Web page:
As a young woman she was determined to live an independent life rather than following the convention that would have seen her married by the age of 20.  She volunteered as a nurse in the First World War, became a social worker after and, once introduced to the world of flying never looked back.  For Amelia becoming a pilot was a calling and she changed every aspect of her life to pursue it.  At a time when Charles Lindbergh was making a name for himself flying across the Atlantic she set out to do the same, not just as a woman but as a pilot.  Though committed to the ideal of female emancipation and the freedom to choose a career outside of convention, she was intent on tackling the same challenges as male pilots and even going beyond what they had achieved.  She was the first woman to fly solo across the Atlantic and one of the first pilots.  Her list of achievements is extraordinary, breaking one record after another.


Amelia remade herself in the image of the pilots she admired, donning the same clothing and style as her male counterparts, softening the look as time went on with a scarf rather than a necktie. When you look at these images (and there are so many more) it is an interesting contrast of a rather shy looking woman with the heart of a lion, demonstrating the courage to thwart convention and live a truly independent life.  She wore what worked effectively for the job she was doing, and the life she chose to lead.  Almost 100 years later debate persists around appropriate work wear for women, and convention continues to dictate, even when it makes no sense at all.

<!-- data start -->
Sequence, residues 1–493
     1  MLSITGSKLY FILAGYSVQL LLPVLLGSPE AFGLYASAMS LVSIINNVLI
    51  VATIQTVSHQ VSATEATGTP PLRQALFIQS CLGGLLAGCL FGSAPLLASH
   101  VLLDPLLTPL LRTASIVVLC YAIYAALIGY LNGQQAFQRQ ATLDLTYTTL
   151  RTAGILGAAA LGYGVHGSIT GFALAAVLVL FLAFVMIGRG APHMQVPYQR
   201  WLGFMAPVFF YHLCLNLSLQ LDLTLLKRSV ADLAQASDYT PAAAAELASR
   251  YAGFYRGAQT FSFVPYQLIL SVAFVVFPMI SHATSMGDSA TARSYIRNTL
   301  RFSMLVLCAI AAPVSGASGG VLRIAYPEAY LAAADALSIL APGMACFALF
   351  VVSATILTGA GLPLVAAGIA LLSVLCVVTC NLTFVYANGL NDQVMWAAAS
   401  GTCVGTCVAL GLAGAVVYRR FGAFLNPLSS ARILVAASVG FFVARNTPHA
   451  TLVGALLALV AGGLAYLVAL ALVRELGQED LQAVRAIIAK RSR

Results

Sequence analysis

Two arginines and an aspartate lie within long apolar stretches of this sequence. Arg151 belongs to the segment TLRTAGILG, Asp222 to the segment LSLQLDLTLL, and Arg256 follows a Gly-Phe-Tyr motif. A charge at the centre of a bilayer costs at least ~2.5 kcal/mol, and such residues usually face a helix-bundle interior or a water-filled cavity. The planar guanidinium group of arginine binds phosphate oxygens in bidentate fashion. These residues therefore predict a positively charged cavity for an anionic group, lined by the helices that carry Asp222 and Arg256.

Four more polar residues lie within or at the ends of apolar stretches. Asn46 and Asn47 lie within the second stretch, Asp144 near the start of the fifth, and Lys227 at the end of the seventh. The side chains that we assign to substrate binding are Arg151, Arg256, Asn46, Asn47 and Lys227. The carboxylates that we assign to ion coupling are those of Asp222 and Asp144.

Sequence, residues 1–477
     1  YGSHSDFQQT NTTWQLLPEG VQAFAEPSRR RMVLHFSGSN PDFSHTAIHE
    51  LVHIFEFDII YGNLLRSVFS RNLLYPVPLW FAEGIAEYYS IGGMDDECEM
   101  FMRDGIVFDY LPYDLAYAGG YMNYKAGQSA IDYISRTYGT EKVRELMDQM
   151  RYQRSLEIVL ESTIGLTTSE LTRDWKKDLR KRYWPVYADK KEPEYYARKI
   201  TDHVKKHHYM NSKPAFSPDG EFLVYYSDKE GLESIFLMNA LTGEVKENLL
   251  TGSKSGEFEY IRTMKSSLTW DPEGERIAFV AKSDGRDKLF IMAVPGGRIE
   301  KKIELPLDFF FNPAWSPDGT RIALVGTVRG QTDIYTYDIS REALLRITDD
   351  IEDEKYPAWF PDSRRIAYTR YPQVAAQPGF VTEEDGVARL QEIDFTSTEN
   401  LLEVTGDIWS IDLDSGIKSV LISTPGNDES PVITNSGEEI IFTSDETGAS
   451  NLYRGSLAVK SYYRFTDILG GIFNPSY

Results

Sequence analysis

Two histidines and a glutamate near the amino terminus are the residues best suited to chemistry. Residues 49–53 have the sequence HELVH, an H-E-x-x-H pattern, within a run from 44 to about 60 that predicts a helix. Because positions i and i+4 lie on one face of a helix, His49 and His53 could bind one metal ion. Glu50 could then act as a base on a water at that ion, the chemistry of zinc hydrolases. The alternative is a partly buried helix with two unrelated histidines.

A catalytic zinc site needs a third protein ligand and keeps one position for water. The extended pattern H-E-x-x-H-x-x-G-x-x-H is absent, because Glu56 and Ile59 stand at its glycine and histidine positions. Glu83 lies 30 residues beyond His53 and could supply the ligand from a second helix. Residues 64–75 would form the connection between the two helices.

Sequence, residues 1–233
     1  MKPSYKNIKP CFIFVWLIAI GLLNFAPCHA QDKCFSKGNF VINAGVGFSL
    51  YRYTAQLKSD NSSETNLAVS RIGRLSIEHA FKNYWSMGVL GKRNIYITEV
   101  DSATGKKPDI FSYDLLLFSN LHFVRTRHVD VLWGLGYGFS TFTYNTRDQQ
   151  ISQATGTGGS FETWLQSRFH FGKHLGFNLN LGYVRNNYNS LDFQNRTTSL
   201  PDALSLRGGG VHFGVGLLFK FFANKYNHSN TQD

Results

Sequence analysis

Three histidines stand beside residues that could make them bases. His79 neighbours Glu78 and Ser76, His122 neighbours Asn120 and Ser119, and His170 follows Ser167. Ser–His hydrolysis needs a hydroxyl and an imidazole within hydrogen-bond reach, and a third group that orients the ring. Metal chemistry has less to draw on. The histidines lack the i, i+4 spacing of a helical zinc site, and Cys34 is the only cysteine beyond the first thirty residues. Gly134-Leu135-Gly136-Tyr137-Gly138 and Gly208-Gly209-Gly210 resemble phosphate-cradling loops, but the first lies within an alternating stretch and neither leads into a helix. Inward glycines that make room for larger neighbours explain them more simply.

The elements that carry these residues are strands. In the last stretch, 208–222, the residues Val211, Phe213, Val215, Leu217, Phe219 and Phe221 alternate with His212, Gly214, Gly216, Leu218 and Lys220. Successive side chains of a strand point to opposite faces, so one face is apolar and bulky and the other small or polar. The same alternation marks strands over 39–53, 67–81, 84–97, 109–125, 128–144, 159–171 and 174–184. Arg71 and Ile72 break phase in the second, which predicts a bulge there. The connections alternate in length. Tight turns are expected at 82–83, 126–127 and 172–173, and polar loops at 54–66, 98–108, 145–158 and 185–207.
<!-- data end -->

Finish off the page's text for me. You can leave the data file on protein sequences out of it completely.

This quiet and persistent disregard for convention was also reflected in her relationship with her promoter and spouse  George Putnam. The relationship began as a business partnership with George seeing a business opportunity promoting Amelia through books, newspaper articles and events all geared to create a celebrity.  Then the relationship developed into a romantic one in which Amelia agreed to marry in 1931 provided certain conditions were adhered to (read her letter to George), and freedom to leave being one of them.  She knew her own mind and had the courage to stay true to what she knew was right for her.